Monarda Didyma refueling a humming bird

Discussion in 'Botany Photo of the Day Submissions' started by Yo_Jo, Aug 9, 2017.

  1. Yo_Jo

    Yo_Jo New Member

    Messages:
    19
    Likes Received:
    2
    Location:
    Vancouver, BC
    Hi Everyone,

    I thought I would try a photo submission. I originally submitted one of the photos with my monarda question but I wasn't sure how to link the post in the webpage so I will do it the old school way - cut and paste the link.

    Monarda Didyma Maintenance

    IMG-20170809-WA0000.jpg IMG-20170809-WA0016.jpg IMG-20170809-WA0003.jpg
    These images were taken with an iPhone 7 Plus about 1 meter from the plant, sitting very quietly.

    I was thinking that blooming time was almost over because the deck has been stained red with all the pedals falling off but it still seems it has more to offer this season.

    I have been fascinated with how the birds and insects interacts with the monarda didyma plant. If the monarda evolved this way to feed the birds what is it getting in return for this service? Fertilizer during feedings?

    Regards

    Joe
     
  2. Daniel Mosquin

    Daniel Mosquin Renowned Contributor UBC Botanical Garden Forums Administrator Forums Moderator 10 Years

    Messages:
    8,755
    Likes Received:
    91
    Location:
    Vancouver, British Columbia, Canada
    That phone has quite the camera, doesn't it? Thanks.
     
  3. Yo_Jo

    Yo_Jo New Member

    Messages:
    19
    Likes Received:
    2
    Location:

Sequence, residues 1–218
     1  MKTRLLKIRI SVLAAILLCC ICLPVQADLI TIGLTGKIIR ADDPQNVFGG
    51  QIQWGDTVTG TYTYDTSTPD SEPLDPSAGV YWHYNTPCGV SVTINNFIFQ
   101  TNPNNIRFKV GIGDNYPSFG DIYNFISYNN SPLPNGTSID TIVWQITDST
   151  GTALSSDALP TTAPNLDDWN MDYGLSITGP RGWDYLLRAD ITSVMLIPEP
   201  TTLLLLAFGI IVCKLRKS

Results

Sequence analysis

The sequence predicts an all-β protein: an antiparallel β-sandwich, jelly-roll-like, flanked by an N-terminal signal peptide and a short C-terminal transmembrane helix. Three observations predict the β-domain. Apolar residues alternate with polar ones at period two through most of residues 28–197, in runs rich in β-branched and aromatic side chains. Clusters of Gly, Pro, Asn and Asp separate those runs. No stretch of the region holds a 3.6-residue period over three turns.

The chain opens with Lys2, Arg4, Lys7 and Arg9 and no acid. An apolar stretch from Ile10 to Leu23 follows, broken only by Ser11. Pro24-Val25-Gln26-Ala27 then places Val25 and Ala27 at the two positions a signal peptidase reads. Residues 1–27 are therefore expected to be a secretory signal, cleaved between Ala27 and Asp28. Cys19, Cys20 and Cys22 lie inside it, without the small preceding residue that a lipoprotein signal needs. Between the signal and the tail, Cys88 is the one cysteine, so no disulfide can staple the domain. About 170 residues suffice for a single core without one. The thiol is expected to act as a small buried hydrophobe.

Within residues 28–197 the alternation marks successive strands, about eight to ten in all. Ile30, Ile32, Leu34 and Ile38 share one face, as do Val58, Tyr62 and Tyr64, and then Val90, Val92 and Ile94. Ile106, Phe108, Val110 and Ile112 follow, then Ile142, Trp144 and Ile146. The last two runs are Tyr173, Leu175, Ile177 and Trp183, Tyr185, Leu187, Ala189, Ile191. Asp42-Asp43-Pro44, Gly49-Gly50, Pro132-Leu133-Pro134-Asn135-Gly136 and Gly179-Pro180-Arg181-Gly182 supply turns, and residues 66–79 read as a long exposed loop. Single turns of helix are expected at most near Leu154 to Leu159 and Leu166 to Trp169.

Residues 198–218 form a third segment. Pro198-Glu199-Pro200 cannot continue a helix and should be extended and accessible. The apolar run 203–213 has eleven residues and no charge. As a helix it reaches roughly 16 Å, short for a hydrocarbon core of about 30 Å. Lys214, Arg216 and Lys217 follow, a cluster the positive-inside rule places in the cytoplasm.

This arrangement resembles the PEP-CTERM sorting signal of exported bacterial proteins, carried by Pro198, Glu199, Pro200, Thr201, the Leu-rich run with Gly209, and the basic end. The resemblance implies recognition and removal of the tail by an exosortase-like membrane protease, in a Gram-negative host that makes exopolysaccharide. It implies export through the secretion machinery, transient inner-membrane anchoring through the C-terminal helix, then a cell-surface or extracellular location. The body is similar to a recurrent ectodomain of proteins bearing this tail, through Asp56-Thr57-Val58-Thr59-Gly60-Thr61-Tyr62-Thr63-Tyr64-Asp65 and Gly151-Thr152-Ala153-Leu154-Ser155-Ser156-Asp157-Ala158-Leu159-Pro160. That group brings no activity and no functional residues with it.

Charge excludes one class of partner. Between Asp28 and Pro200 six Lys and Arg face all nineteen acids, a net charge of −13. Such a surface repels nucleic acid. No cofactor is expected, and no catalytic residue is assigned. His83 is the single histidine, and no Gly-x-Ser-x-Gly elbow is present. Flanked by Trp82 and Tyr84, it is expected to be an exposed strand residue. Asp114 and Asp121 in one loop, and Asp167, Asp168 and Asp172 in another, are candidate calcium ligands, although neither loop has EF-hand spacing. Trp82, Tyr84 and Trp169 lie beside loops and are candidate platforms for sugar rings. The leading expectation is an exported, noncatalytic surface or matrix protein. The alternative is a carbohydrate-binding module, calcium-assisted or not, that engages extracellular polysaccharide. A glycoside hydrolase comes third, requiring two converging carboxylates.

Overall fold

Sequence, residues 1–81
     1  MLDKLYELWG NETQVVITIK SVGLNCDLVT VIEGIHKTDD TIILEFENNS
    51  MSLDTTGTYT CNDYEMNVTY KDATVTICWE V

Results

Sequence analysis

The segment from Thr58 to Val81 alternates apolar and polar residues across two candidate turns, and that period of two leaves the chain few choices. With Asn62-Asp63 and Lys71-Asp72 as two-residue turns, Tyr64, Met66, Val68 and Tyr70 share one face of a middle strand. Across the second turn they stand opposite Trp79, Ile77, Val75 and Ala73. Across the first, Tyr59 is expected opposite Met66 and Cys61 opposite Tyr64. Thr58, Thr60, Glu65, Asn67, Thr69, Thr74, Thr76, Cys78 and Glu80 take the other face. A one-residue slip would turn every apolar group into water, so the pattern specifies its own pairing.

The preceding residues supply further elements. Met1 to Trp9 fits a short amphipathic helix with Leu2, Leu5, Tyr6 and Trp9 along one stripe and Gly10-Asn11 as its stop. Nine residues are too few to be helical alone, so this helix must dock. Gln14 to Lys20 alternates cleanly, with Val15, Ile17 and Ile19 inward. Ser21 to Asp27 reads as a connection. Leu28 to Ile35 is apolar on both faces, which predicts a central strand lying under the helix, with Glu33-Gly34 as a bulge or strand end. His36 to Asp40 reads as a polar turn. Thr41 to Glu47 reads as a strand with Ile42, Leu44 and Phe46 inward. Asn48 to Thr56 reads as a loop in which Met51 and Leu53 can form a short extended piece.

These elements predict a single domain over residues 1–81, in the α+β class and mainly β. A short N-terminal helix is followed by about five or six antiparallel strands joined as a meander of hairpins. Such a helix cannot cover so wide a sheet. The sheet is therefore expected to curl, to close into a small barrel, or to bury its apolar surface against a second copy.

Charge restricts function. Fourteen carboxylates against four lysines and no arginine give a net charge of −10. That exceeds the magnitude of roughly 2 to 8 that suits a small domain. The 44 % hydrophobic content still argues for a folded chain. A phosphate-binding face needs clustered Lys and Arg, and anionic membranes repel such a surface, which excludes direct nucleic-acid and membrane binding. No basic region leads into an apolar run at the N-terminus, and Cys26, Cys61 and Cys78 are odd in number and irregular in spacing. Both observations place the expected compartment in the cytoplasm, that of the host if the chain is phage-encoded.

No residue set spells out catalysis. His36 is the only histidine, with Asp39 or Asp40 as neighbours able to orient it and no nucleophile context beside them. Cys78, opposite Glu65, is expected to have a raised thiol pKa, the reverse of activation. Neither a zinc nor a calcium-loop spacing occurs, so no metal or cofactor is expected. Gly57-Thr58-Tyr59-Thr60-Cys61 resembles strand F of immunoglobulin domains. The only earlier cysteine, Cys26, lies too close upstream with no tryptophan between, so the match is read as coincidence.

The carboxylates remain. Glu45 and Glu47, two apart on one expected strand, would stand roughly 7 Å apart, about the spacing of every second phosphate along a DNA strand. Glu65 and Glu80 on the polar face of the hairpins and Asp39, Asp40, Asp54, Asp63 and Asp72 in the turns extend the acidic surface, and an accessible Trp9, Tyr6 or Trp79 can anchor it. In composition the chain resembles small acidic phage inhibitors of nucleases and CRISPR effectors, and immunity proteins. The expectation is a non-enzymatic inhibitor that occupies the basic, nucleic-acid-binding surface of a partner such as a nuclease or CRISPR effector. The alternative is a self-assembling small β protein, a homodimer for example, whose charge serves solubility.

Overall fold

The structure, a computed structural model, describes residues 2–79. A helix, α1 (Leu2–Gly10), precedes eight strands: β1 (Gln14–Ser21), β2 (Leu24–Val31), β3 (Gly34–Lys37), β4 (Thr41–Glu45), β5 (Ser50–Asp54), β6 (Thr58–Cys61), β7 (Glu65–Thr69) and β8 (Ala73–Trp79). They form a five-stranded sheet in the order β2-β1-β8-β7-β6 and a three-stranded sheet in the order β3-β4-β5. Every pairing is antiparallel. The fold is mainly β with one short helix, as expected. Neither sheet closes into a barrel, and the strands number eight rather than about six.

Vancouver, BC
    Yeah the wife loves the iPhone 7 Plus. Nowadays even a non techie can take stunning photos. Just point and click.
    Sadly, most of the Monarda pedals have fallen off and all the hummingbirds have disappeared this week - I haven't seen any buzzing about.
    Perhaps they have all flown south for the winter or there is a really fat cat in the neighbourhood.
     
  4. thanrose

    thanrose Active Member

    Messages:
    669
    Likes Received:
    23
    Location:
    Daytona Beach, FL USA
    Don't mean to be pedantic, but the birds and bees are pollinating while they are feeding on nectar. They go from flower to flower and fertilize them so they will produce viable seed. It's likely that they are covered in pollen dust from many flowers visited that day, and probably many species. Natural selection would be in favor of plants that attract the most pollinators. We humans stepped in and selectively bred for the various traits we liked.

    Fertilizing during feeding is very uncommon in plant-animal partnerships. There are carnivorous plants and others like bromeliads that get a nutritional kick from their animal visitors but most flowers don't really get anything save a way to spread their genes.
     

Share This Page